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Breastplate of Righteousness

The second piece of armor described in Ephesians 6:10-20 is the breastplate of righteousness. The breastplate was made of leather or heavy linen with slices of animal hooves or horns, or large pieces of metal hammered to conform to the body. No soldier would go into battle without his breastplate, for it protected his heart and other vital organs. So I think we all have an accu- rate picture of the breastplate, but where does the righteousness part of it come in?

First, we must understand that Paul is not speaking of self righteousness. This type of so-called righteousness is generated out of a legalistic, works-based, merit-earning righteousness and places trust in oneself rather than in Christ. This, no doubt, will not be any protection from the attack of the enemy. Rather, it is a dangerous self-made tool that will stifle fellowship with the Spirit or it is a self-elevated mask of unbelief in the saving work of the gospel.

Secondly, is Paul speaking of the imputed righteousness of Christ given to every believer the moment he believes in Christ? I would say no. This righteousness cannot be taken off or put back on. At the moment of salvation, our past, present and future sin was replaced with the righteousness of Christ (2 Cor. 5:21). This righteousness is every believer’s position in Christ. So, what is the righteousness that Paul has in mind when describing the spiritual breastplate? I believe it is our practical righteousness. John MacArthur states, “imputed righteousness makes practical righteousness possible, but only obedience to the Lord makes practical righteous- ness a reality.”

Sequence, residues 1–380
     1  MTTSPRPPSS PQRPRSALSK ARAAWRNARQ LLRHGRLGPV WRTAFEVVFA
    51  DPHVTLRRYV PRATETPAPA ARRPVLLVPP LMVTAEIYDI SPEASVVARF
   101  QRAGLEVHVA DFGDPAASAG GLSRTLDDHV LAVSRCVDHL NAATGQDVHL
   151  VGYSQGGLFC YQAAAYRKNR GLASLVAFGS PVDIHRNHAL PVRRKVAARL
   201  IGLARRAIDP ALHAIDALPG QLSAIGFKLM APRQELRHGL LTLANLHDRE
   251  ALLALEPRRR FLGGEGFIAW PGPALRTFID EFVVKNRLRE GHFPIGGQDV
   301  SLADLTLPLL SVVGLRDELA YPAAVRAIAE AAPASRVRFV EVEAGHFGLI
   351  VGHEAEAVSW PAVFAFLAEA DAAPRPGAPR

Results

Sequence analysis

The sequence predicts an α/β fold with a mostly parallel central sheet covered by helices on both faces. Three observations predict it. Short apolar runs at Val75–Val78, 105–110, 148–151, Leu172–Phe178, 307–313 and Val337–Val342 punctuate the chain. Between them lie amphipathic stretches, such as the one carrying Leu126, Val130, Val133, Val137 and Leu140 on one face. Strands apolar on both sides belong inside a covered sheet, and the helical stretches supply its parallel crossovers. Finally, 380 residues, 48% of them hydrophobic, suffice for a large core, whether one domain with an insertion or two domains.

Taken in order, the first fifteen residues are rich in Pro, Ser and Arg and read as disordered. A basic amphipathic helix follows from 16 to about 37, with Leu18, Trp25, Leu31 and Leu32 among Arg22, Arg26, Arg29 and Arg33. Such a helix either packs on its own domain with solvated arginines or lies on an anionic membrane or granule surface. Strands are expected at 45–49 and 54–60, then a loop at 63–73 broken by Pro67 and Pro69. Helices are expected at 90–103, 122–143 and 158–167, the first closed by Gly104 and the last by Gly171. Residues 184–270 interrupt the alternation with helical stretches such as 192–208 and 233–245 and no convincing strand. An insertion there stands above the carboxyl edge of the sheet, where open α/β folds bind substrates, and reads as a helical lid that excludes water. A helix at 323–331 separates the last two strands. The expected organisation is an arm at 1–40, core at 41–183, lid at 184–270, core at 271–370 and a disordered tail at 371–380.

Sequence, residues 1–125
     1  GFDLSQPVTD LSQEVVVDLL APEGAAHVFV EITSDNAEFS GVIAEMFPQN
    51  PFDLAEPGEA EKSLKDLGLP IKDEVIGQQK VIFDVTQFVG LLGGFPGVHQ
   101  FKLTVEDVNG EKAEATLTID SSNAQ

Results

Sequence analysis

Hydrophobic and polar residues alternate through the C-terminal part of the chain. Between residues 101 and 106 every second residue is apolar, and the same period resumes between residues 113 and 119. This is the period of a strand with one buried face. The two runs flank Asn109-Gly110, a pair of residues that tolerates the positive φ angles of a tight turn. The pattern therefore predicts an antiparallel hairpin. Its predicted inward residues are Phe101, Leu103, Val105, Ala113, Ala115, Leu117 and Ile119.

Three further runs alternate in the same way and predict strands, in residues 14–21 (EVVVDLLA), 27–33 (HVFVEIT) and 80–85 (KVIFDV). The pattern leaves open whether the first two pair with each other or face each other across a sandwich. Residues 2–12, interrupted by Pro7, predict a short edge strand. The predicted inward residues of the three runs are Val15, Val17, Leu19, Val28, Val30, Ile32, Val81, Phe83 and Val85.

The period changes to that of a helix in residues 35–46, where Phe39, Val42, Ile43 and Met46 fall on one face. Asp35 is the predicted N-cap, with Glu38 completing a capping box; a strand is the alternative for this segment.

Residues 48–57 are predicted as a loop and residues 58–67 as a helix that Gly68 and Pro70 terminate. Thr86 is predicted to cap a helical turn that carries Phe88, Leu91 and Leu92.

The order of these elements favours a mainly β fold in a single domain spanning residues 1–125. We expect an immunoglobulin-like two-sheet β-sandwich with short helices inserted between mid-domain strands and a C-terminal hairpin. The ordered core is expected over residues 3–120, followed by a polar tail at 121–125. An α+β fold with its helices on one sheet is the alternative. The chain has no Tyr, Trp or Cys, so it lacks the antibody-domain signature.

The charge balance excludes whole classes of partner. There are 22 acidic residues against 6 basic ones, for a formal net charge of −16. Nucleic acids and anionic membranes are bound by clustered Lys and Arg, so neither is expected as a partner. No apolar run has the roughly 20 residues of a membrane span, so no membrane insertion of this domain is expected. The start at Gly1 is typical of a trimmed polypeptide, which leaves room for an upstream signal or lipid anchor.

Lastly, what does putting on the breastplate of righteousness look like? It is the daily, moment by moment, obedience to God and His holy Word. It is saying no to the flesh and yes to God and then actually doing what you know is right. All of this with a complete dependence upon the Spirit knowing that it is God who works in you, “both to will and to work for his good pleasure” (Phil. 2:13). Obedience guards our heart against the enemy. It is not the weak and false armor of good advice, techniques, methods or programs that guard our hearts and bring true joy, it is holy living. While we are faced with the small and large decisions of our daily lives, we must ask, For what does the Scripture say? This is the Christian life.

“For sin will have no dominion over you, since you are not under law but under grace” (Rom. 6:14).

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